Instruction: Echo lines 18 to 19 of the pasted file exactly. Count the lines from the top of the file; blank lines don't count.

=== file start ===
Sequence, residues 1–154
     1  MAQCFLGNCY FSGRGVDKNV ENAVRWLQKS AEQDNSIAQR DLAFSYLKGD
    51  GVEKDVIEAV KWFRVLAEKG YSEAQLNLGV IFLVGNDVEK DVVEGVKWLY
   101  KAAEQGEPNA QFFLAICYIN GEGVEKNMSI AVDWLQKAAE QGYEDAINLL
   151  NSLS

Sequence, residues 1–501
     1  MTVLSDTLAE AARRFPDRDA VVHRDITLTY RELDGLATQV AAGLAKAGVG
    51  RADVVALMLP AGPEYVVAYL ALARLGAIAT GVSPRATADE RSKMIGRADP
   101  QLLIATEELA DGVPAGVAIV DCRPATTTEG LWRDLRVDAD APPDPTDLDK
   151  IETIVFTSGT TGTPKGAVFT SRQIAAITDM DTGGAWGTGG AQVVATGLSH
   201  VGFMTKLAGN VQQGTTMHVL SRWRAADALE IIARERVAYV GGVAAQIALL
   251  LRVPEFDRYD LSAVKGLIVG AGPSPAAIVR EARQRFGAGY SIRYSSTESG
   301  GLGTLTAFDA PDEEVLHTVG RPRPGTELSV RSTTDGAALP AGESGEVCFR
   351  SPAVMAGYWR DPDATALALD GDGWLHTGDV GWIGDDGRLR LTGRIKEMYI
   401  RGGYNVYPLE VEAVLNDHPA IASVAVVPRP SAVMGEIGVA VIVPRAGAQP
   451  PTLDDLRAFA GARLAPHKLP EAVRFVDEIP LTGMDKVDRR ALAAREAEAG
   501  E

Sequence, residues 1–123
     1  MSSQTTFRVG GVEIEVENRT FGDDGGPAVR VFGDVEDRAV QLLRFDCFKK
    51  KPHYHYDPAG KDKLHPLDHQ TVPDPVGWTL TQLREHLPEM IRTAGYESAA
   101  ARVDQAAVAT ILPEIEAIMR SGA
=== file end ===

Sequence, residues 1–123
     1  MSSQTTFRVG GVEIEVENRT FGDDGGPAVR VFGDVEDRAV QLLRFDCFKK